It is important to put recent cuts in higher education into context. Kentucky is not an isolated case.
Illinois Republican Gov. Bruce Rauner proposed what he called a “turnaround” budget that would cut nearly $209 million from the University of Illinois.
Republican Gov. Scott Walker of Wisconsin has proposed cutting $300 million from the University of Wisconsin system.
Bobby Jindal, past Republican governor of Louisiana, proposed $500 million in cuts in his state, which is facing a budget shortfall of $1.6 billion because of lower oil prices. Terry McAuliffe, the Democratic governor of Virginia, has proposed $90 million in cuts from the University of Virginia.
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Some of these cuts reflect state budget deficits while others represent a reallocation such as a shift of funds to early-childhood education or funding shortfalls for pension plans.
The extent of this movement was recently revealed in a new documentary titled Starving the Beast: The Battle to Disrupt and Reform America’s Public Universities. Through a series of cases, Steve Mims, the filmmaker, alleges that wealthy right-wing ideologues are attempting to radically change the mission of public universities.
He refers to this drive as a coordinated assault. The genesis of this assault may be attributed to a confidential memorandum written by Lewis F. Powell Jr. in 1971, shortly before he was appointed to the U.S. Supreme Court by President Richard Nixon.
The document, titled “Attack on American Free Enterprise System,” was given to the chair of the Education Committee of the U.S Chamber of Commerce. It was a conservative polemic attacking the people and institutions within our society that appeared intent on destroying the free enterprise system. Powell laid much of the blame for this anti-free enterprise thinking on the college campuses where radical professors with tenure spread their liberal ideas to the hungry minds of students.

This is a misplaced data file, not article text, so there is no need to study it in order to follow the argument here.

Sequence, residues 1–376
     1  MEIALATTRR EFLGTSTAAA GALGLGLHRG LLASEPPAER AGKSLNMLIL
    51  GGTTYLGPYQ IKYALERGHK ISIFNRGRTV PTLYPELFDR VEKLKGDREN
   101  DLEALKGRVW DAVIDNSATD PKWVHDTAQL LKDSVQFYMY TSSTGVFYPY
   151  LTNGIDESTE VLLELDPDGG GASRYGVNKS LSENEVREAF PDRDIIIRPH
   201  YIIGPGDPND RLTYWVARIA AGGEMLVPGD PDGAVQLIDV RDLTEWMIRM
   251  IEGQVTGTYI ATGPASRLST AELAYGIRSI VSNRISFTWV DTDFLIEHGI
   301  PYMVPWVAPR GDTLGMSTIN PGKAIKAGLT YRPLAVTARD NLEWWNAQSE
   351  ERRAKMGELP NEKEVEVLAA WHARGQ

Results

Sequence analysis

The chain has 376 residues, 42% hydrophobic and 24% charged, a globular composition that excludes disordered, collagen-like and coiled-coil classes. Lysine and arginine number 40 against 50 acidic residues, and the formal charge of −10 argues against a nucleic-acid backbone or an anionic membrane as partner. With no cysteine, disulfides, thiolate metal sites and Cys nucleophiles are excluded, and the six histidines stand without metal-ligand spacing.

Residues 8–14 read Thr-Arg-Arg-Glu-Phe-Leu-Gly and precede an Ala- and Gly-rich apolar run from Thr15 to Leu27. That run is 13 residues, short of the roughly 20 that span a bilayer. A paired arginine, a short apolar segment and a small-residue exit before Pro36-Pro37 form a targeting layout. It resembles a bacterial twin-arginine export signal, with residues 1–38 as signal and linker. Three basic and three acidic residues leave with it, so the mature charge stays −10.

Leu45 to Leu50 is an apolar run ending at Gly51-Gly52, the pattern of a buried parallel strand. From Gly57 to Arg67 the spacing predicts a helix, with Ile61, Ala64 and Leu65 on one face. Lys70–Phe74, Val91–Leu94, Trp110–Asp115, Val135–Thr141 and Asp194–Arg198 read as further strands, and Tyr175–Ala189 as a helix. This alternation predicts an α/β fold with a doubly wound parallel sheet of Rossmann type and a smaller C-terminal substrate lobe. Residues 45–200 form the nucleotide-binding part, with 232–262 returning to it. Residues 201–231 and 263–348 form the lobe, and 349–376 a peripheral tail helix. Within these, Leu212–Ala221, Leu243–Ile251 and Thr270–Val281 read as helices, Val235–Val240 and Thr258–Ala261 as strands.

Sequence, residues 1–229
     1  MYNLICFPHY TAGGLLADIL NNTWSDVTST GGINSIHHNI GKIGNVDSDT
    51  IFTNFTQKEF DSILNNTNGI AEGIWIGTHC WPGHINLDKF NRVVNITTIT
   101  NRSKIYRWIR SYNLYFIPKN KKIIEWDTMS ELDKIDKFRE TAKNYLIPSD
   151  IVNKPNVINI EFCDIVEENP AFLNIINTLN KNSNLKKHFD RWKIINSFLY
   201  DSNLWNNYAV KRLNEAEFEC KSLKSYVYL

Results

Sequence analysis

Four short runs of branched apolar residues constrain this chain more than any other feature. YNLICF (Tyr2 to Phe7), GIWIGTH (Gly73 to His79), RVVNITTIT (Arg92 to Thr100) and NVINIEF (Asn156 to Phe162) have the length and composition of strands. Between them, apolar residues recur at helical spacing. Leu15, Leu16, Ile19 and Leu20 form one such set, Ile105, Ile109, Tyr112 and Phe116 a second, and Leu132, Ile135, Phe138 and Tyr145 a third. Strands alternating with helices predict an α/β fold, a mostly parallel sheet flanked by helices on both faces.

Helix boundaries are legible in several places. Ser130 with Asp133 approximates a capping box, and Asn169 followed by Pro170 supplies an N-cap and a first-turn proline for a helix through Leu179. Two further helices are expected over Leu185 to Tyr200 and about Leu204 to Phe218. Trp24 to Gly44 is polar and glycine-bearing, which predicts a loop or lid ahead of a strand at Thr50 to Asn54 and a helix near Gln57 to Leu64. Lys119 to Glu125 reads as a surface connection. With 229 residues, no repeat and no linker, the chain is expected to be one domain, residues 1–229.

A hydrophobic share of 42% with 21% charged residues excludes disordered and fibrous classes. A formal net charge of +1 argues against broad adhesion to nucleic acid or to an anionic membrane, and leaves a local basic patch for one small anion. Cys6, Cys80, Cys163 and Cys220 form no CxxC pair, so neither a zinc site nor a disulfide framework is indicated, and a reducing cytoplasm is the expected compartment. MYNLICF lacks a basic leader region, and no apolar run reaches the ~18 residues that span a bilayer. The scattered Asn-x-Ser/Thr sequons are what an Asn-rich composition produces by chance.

The document essentially became a battle plan for American business: create conservative think tanks, increase public relations, push for “fair and balanced” news reporting to counter the liberal media and increase political funding, which led to the Supreme Court’s Citizens United decision.
An outgrowth of this effort has been the creation of free-enterprise institutes on college campuses to counter liberal and socialistic thinking. The creation of the John H. Schnatter Institute for the Study of Free Enterprise at the University of Kentucky, funded by John Schnatter of Papa John’s and the Charles Koch Foundation ,was announced last year.
The term “starve the beast” is alleged to have originated in the 1980s by an unnamed Reagan staffer. It became a sound bite by Sarah Palin in the 2008 election as she toured the country saying “Please, starve the beast, don’t perpetuate the problem, don’t fund the largesse, we need to cut taxes.”
In other words, by cutting off the money supply, you reduce the activity.
The fallacy of this idea when applied to public higher education is that universities make up the shortfall in several ways such as increasing tuition, which forces many students to incur significant loan debt from their friendly banker. Another popular approach is to recruit more out of state and international students with the ability to pay. A third approach is to relax admission and retention standards to maintain an increasing pool of tuition-paying students.
When I became a professor 40 years ago, a student was an individual to be educated. Now they have become revenue units.
William F. Maloney holds the W.L. Raymond and R.E. Shaver Chair and is a professor of construction engineering, project management at the University of Kentucky.
Related: April 29 Herald-Leader article, “Layoffs, furloughs and hiring freezes at Kentucky’s universities”